Workplace wellbeing is a difficult target to reach, but Laine & Rinne have summarised key areas which need to be considered by those brave enough to try. The list below shows how play has the potential to help with each of these.

1 – Health

While being in good health is a combination of lifestyle and luck, both promoting good health and recovery from illness can be supported by play activities. Research has highlighted how play can help mentally prepare us for coping with pain and illness, supporting the development of resilience and even enhancing recovery times! The old favourite that laughing is great medicine also holds true, so five minutes of fun as a regular habit could help to decrease absence due to sickness. Try out quick and silly party games like Asmodee’s Dobble or Ridley’s Avocado Smash!

2 – Stress, role conflict and the meaning of work

We’ve all had days where we feel torn in two, wearing too many hats or overwhelmed in trying to be the person everyone needs us to be. Play can help develop core strategies to protect against this, including reframing conflicting goals and meanings. Reframing is a hugely transformative technique that requires acknowledging the location of the conflict as part of who we think we are or want to be. That conflict can then be explored playfully and productively in conjunction with an awareness of our goals and identity. Exploring conflict and stress playfully as a productive exercise can highlight different ways of thinking about roles and our temporary or long term commitments to them.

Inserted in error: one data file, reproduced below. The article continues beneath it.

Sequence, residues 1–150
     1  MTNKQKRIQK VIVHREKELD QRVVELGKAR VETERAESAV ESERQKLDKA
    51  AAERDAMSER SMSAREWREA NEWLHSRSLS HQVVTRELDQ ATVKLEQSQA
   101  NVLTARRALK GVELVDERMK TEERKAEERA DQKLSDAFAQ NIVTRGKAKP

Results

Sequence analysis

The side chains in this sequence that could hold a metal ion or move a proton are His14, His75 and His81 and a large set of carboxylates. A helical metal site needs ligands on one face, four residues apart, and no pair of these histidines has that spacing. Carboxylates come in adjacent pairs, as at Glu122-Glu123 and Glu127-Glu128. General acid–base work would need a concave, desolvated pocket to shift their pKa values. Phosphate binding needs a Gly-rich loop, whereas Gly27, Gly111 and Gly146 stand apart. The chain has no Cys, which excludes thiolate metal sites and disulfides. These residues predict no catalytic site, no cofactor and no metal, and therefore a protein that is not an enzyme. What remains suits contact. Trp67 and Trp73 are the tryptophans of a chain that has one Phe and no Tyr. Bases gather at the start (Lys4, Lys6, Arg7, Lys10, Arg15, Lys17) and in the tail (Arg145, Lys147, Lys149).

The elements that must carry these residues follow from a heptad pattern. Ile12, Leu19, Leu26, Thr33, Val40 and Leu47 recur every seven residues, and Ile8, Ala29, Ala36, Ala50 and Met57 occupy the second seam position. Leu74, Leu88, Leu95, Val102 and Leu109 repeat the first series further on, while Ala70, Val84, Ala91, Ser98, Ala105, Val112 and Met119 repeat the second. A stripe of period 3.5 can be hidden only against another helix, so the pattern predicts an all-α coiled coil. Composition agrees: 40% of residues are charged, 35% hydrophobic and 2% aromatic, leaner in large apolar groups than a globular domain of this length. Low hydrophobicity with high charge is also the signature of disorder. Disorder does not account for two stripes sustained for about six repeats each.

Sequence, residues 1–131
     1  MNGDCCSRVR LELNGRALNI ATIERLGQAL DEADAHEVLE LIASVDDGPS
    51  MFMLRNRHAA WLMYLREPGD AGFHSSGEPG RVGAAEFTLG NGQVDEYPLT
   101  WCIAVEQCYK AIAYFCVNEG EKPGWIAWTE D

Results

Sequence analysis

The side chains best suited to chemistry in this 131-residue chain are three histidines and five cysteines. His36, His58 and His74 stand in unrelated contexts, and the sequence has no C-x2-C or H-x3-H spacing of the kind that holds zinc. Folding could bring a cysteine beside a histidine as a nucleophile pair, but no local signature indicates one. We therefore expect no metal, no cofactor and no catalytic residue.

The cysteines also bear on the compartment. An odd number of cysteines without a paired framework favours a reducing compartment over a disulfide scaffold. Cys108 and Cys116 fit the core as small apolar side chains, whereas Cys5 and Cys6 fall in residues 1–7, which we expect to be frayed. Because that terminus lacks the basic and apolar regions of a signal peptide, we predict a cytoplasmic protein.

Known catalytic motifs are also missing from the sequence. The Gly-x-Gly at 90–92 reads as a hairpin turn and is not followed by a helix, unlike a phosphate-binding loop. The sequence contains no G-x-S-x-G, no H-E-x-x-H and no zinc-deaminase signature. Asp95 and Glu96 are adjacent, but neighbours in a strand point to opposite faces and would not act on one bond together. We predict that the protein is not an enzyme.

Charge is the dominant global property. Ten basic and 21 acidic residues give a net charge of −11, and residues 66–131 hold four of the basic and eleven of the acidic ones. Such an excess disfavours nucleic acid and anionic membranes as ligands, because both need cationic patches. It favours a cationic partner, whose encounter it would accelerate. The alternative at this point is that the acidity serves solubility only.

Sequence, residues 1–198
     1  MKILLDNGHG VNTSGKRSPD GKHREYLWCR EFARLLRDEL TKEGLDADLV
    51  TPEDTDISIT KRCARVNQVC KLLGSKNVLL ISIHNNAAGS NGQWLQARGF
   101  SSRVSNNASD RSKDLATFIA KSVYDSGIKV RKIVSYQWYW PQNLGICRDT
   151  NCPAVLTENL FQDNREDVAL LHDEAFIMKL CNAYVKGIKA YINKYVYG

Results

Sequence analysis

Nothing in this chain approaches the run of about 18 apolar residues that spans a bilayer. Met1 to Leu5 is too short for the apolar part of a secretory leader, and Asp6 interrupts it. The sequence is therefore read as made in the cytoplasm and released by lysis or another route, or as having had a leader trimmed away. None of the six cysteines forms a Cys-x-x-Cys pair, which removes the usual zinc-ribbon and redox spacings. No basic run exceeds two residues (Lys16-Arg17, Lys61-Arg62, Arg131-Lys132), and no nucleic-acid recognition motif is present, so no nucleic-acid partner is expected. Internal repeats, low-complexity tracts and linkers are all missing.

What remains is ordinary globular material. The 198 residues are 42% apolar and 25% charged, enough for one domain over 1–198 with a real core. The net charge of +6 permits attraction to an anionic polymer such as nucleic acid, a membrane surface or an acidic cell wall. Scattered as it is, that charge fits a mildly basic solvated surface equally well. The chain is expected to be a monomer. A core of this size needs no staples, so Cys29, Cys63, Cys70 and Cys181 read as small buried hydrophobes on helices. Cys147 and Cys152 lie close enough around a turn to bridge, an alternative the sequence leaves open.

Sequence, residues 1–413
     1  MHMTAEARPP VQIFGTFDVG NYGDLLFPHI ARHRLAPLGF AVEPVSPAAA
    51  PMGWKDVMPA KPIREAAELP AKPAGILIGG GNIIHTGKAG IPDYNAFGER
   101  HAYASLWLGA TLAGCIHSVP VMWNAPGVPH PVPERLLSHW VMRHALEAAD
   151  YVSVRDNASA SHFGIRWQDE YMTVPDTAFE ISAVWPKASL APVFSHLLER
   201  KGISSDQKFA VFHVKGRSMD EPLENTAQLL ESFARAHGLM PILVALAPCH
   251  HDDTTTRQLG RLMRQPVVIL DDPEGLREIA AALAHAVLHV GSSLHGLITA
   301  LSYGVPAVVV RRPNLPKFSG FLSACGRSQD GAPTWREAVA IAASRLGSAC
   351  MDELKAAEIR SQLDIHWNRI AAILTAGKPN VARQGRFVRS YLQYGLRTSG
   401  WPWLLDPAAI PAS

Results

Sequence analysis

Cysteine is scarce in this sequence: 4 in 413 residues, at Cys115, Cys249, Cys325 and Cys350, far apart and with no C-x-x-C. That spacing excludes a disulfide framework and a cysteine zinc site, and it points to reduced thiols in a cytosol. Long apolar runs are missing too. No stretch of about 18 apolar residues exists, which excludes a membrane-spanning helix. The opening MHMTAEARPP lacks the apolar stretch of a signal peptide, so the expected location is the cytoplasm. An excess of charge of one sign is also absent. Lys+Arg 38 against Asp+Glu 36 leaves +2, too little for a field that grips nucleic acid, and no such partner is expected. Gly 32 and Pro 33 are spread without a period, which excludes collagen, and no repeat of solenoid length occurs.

Play-based techniques can also help reorient employees to what they find meaningful in their work through a focus on their core motivations. After all, we rarely need motivation to have fun! However, this type of intervention usually requires the use of applied play toolkits such as LEGO Serious Play, or facilitation using tools such as conversation cubes.

3 – Personality & Social Relations

While play wont change your personality, it can help you get a better understanding of others. Developing good relations can rely on knowing the different personalities within your team. When we play games we have opportunities for catharsis, a release of tension or built-up emotions. It doesn’t have to be anything as aggressive as beating the boss at paintball, either! Engaging in team games can develop trust and support bonding through shared experiences of success or failure. Some workplaces might be more suited to regular outdoor sports, but any type of social game from charades to Secret Hitler or Pandemic can engage groups in a fulfilling collaborative or competitive social experience.

4 – Uncertainty & change

Change and uncertainty can often be frightening. They threaten our plans for the future and push us outside of our usual practice. Adopting a playful attitude, however, can help build resilience in the face of change. When we play, we remain prepared to change our game without excessive fear of the consequences and maintain a flexible attitude. Building a culture of such flexibility by encouraging playfulness in the workplace can help organisations and individuals face uncertain futures with greater confidence. Helpfully, the genuine promotion of any type of play activity will do this, provided leaders genuinely support creativity and play as a beneficial mechanism!

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